Written by Bushra Bani-Salman – September 19, 2022
Another “hero” emerges in Beirut, Lebanon after holding hostages at gunpoint in a bank for access to her own funds. Sali Hafez and accomplices stormed Blom Bank in a successful attempt to secure funds that have been blocked from withdrawal for nearly two years. This is the second heist a patron commits for funds this summer. Earlier in the summer, Bassam al-Sheikh Hussein stormed his bank demanding his funds be released to help pay for his father’s operation. He threatened to burn the bank down with everyone in it if he did not receive his funds. In the end, he surrendered to authorities after the funds were released. The bank later dropped their lawsuit against him and he was released. Hussein was declared a hero throughout Lebanon and abroad via social media.
In an interview with a local Lebanese channel, Sali Hafez says, “The Bank has robbed us publicly…I got to a point where I considered selling my kidney to help pay for my sister’s treatment…Our money is in the bank. Money we earned with our sweat and tears…I took $13,000 from my own money. I did not take anything that was not mine…I took the gun from my nephew. It is fake… I told everyone in the bank not to fear because I will not harm them…”
Major protests broke out in 2019 in Lebanon with citizens pressing for resignations from their country’s politicians, demanding an end to political incompetence and corruption. Banks closed their doors for weeks, then reopened with tight limits on withdrawals in fear of depositors withdrawing all their funds amid political unrest and a financial crisis. Banks now allow for a maximum of $400 USD withdrawn a month plus some Lebanese pounds.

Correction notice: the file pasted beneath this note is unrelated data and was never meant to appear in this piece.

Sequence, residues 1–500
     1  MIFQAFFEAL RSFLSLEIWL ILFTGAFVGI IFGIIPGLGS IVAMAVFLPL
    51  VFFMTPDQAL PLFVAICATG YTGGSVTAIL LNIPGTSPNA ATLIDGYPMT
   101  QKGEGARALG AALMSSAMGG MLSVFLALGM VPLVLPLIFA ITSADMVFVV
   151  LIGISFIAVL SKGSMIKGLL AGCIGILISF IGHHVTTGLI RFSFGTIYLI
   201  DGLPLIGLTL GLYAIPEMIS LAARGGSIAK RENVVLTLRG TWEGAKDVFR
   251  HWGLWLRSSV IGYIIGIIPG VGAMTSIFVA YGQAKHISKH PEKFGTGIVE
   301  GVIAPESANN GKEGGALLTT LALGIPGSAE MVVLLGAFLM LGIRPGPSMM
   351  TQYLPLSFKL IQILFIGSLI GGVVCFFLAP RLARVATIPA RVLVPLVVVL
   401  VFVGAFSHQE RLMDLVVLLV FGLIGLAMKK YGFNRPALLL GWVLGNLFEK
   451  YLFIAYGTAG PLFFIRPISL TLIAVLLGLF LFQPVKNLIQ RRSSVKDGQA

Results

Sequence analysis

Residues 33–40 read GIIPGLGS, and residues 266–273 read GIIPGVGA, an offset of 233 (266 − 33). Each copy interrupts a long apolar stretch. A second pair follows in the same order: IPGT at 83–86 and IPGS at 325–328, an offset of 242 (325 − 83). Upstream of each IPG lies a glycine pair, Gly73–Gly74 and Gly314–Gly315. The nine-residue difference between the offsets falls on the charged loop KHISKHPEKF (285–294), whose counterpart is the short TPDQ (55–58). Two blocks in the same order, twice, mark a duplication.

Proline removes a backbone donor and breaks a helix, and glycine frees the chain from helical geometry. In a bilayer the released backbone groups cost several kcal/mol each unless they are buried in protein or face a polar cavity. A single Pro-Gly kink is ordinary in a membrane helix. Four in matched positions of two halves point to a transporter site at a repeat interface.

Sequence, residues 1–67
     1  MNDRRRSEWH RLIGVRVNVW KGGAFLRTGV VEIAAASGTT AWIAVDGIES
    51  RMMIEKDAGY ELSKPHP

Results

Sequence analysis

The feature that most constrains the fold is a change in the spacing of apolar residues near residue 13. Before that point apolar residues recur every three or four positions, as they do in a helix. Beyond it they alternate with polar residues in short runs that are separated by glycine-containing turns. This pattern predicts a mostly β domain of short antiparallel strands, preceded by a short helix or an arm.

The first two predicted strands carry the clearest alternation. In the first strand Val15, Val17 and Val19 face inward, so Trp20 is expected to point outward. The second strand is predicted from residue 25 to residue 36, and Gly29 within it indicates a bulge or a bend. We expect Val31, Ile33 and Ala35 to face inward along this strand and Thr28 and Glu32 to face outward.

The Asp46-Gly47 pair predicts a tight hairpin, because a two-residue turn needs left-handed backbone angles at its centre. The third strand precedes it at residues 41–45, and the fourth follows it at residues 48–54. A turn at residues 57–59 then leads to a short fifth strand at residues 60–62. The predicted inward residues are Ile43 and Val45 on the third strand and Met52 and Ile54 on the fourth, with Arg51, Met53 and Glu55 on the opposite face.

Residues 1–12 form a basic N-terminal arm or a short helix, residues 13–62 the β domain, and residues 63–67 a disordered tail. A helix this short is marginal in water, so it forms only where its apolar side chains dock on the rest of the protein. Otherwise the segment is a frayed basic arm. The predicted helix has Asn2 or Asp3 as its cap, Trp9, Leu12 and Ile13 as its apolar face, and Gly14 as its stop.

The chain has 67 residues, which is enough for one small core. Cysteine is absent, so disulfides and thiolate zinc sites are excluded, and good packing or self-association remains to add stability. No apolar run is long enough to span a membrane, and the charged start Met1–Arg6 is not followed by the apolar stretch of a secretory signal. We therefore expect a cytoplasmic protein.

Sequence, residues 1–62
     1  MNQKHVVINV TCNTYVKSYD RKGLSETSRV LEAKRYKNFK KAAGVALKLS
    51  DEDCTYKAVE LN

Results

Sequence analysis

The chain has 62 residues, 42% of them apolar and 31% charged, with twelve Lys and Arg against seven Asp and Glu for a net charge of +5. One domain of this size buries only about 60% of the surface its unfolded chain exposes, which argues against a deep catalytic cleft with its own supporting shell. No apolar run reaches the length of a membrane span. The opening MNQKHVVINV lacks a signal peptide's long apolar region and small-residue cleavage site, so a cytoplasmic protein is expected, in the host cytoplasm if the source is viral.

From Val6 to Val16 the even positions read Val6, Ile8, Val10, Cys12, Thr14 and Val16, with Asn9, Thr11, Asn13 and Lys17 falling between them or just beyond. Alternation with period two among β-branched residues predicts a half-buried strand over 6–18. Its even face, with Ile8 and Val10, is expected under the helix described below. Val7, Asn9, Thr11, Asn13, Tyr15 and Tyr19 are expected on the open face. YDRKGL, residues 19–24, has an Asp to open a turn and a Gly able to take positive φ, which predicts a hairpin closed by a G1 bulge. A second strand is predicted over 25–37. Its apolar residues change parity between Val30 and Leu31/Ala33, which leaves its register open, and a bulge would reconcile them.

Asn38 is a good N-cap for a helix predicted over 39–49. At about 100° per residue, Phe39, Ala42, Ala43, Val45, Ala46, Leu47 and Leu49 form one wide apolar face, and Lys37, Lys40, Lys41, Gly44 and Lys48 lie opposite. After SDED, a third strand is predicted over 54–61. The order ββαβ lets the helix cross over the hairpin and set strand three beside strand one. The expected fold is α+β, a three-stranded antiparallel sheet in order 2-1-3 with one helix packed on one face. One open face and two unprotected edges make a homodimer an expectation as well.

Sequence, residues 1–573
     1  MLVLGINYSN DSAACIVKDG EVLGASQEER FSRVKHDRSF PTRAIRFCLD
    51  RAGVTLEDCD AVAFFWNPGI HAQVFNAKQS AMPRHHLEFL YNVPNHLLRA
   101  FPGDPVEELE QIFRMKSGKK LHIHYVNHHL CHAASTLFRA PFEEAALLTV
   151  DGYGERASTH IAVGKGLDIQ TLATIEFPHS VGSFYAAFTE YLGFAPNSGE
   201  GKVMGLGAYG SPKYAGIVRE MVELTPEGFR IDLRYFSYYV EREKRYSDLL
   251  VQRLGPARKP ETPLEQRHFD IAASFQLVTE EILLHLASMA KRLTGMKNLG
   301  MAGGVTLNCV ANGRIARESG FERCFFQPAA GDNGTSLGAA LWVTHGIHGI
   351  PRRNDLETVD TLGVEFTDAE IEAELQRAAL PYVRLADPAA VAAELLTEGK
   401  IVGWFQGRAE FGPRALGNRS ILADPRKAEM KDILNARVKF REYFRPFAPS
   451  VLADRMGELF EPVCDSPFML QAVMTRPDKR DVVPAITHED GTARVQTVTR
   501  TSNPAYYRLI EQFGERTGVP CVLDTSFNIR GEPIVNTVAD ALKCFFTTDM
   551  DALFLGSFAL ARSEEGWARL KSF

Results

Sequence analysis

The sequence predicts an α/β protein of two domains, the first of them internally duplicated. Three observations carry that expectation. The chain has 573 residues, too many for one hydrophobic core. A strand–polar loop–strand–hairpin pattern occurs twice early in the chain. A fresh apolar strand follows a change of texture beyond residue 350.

While some Lebanese chose to live without electricity for the majority of the day (up to 20 hours), almost everyone in Lebanon relies on generators for electricity due to the country’s failed electricity grid. They dependency on generators costs the Lebanese people a hefty sum, as well as their health due to the toxic fumes spewed. In addition to the electricity shortage, there is a diesel and petrol shortage in Lebanon. People wait hours in line to fill their vehicles with gas that has shot up in price. The currency crisis is another factor. The Lebanese lira has lost 90% of its value in less than three years. Currently, one Lebanese pound (LBP) is worth $0.00067 USD. Growing grievances and frustrations from the Lebanese people have led to desperate measures. Officials fear that more patrons will take up arms in a desperate attempt to access their money, and some publicly blame the country’s political elites.
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